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Utility Computing and why it enables Hosting 2.0

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Guest post from Tony Lucas of XCalibre Communications

Excuse the pun of yet another ‘2.0’ expression, but it does actually fit quite well in with the overall point of this post.

Over the past weeks/months, I’ve had conversations with more Web Application developers than I can count and time and time again, the same problem has crept up. Most of these developers have pretty well formed ideas on how to scale their application from an internal coding point of view, but vary from having some plans about scaling their application involving large hardware expenses, to getting grey hairs from not knowing how to solve the problem.

The problem really comes down to the fact, that many ‘Web 2.0’ developers are exactly that, developers not system administrators or datacentre technicians or network admins and with the cost base for building web apps becoming leaner and leaner as the market gets more competitive (with barriers to entry being lowered), this is not something people can usually afford to have onboard, until their application becomes a success (or is funded!).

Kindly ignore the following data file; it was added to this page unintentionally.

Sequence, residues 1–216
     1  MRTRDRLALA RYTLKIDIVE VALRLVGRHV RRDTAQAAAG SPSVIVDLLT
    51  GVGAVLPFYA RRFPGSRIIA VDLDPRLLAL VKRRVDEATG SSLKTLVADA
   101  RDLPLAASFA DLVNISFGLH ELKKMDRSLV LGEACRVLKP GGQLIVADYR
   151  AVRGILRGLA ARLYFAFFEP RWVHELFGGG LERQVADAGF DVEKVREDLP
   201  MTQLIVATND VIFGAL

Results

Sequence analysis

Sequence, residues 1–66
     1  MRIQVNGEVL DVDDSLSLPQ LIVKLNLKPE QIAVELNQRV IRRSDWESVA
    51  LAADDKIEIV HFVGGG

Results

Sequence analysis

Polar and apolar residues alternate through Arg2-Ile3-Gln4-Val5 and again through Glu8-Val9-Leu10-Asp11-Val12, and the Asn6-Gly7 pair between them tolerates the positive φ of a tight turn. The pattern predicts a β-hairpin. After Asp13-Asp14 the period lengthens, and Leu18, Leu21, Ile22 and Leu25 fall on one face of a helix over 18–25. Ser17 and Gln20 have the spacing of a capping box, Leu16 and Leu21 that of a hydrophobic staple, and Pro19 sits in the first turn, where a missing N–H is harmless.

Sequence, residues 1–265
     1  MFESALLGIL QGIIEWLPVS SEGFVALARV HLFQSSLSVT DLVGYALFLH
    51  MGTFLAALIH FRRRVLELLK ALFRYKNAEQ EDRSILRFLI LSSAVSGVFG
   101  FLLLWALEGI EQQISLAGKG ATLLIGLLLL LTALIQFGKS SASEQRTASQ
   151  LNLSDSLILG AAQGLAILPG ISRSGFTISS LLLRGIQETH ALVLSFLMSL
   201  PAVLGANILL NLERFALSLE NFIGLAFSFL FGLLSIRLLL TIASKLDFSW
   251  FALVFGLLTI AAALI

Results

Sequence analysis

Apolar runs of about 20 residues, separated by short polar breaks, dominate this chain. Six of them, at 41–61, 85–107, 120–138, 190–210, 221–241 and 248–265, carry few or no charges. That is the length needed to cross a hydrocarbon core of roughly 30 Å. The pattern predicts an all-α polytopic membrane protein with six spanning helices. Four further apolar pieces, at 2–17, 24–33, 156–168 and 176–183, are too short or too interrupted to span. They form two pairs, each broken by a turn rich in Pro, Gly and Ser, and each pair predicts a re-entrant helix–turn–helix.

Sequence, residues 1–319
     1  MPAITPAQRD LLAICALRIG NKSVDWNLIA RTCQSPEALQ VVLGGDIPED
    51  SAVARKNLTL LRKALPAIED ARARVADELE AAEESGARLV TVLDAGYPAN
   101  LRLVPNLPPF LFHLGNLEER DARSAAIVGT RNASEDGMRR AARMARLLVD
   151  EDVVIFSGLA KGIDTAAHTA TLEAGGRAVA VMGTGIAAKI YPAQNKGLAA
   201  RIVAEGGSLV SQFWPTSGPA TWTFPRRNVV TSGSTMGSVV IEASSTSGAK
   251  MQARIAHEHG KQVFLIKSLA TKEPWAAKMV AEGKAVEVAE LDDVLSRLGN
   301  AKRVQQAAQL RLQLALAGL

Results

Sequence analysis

This is where utility computing comes in, by having a pay as you go platform for hosting your web application, this then enables you to completely forget about scalability concerns, building the platform out, coping with sudden growth, expected or otherwise, and dealing with peak demand.

It also increases redundancy and high availability, as you are hosted using fully redundant systems, but at a very cost effective price, compared to the current solution of buying the cheapest systems that you can, without any redundancy.

Utility Computing is still in its relative infancy, but there is already a handful of companies offering a range of services, in both the UK (Flexiscale) and the US (Amazon EC2 & S3), and is a market that is going to grow rapidly in the coming years, with fast growing business expected to gain the most from it.

It also has a nice side benefit that a typical Utility Computing based application has between 50-80% less Carbon output than a typical hosting solution (based on our own internal analysis).

I’d be very interested to hear other people’s opinions on this.

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